The Oxford Handbook of Organizational Identity by Michael G. Pratt (O'Connor Family Professor, O'Connor Family Professor, Department of Management & Organization, Carroll School of Management, Boston College)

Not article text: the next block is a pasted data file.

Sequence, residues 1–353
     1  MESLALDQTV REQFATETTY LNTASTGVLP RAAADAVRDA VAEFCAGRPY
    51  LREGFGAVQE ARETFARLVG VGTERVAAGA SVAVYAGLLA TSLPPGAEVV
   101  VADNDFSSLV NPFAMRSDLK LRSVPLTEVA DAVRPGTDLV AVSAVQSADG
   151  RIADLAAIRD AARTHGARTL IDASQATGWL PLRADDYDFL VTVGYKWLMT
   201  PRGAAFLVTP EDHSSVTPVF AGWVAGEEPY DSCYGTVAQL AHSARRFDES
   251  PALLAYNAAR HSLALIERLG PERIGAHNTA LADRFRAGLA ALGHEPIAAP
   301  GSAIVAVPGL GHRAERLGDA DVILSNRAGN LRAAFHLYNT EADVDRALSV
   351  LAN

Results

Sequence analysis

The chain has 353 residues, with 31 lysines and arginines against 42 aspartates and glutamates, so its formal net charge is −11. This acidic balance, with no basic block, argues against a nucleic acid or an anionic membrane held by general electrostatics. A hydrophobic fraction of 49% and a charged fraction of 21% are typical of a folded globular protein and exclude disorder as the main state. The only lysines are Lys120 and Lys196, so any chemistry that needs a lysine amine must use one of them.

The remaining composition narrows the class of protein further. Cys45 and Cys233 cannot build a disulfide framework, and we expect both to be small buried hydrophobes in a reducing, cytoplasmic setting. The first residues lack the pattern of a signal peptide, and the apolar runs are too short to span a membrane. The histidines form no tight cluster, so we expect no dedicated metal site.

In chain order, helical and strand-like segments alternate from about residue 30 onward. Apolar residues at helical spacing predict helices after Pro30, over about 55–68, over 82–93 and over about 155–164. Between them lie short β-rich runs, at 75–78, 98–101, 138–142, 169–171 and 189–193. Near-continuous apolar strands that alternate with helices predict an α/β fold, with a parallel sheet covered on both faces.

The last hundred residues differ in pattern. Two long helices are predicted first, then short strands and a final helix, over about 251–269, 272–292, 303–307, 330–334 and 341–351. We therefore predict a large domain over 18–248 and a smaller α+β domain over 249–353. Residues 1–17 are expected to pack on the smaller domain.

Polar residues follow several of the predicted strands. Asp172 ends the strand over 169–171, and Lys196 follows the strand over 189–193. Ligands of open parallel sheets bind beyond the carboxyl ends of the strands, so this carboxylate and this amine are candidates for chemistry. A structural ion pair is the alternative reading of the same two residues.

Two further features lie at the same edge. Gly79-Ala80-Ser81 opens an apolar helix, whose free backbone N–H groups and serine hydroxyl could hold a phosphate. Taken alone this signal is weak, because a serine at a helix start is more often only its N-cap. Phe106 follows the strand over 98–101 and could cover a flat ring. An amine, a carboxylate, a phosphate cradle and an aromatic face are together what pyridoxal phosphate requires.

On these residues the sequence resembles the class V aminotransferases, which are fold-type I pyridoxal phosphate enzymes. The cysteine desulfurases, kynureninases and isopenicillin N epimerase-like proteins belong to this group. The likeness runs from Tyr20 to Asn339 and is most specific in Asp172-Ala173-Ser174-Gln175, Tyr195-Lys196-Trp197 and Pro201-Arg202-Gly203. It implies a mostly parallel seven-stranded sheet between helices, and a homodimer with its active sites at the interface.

The topic of organizational identity has been fast growing in management and organization studies in the last 20 years. Identity studies focus on how organizations define themselves and what they stand for in relation to both internal and external stakeholders. Organizational identity (OI) scholars study both how such self-definitions emerge and develop, as well as their implications for OI, leadership and change, among others. We believe there are at least four inter-related reasons for the growing importance of OI. OI addresses essential questions of social existence by asking: Who are we and who are we becoming as a collective? It is a relational construct connecting concepts and ideas that are often viewed as oppositional, such as "us" and "them" or "similar" and "differen". OI is also nexus concept serving to gather multiple central constructs, also represented in this Handbook. Finally, OI is inherently useful, as knowing who you are is the foundation for being able to state what you stand for and what you are promising to others, no matter their relation with the organization. The Handbook provides a road-map to the OI field organized in over 25 chapters across seven sections. Each chapter not only offers a broad overview of its particular topic, each also advances new knowledge and discusses the future of research in its area of focus.